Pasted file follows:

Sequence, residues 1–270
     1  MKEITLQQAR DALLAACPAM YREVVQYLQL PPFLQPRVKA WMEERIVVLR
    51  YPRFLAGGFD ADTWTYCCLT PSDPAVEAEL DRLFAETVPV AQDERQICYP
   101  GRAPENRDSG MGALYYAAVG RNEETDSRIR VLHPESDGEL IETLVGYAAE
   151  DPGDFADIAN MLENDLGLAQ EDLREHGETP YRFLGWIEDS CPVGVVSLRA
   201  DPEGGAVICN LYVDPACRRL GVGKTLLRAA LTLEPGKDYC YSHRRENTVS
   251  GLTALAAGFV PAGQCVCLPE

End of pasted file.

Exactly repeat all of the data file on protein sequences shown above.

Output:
Sequence, residues 1–270
     1  MKEITLQQAR DALLAACPAM YREVVQYLQL PPFLQPRVKA WMEERIVVLR
    51  YPRFLAGGFD ADTWTYCCLT PSDPAVEAEL DRLFAETVPV AQDERQICYP
   101  GRAPENRDSG MGALYYAAVG RNEETDSRIR VLHPESDGEL IETLVGYAAE
   151  DPGDFADIAN MLENDLGLAQ EDLREHGETP YRFLGWIEDS CPVGVVSLRA
   201  DPEGGAVICN LYVDPACRRL GVGKTLLRAA LTLEPGKDYC YSHRRENTVS
   251  GLTALAAGFV PAGQCVCLPE